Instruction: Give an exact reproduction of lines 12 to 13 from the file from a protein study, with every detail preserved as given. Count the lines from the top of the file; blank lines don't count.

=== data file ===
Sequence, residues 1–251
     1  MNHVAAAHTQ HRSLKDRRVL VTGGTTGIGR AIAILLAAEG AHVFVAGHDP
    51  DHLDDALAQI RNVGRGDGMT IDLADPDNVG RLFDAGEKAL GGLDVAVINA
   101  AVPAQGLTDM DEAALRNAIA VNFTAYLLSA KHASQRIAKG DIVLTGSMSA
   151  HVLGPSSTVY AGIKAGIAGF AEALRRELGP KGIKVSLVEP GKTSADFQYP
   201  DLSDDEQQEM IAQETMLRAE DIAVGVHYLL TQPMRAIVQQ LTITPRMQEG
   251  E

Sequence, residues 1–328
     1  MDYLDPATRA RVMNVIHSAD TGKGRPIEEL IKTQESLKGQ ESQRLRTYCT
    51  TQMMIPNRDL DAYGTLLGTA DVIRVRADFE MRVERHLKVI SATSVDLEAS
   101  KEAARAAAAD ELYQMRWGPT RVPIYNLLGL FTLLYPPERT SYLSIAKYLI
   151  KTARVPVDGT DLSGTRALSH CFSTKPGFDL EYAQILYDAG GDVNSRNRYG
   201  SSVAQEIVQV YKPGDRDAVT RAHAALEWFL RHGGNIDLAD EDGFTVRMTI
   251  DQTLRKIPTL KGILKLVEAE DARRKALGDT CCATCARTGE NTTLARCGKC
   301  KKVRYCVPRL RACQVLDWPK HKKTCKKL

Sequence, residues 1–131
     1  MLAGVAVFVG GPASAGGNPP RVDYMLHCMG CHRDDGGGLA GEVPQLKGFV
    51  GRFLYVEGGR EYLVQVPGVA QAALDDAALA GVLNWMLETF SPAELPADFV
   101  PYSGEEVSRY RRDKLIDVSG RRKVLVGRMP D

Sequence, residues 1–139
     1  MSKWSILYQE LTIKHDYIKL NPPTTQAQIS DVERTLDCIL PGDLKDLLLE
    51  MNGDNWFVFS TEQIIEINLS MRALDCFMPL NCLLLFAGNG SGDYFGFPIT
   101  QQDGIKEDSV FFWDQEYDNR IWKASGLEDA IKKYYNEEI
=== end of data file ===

   151  KTARVPVDGT DLSGTRALSH CFSTKPGFDL EYAQILYDAG GDVNSRNRYG
   201  SSVAQEIVQV YKPGDRDAVT RAHAALEWFL RHGGNIDLAD EDGFTVRMTI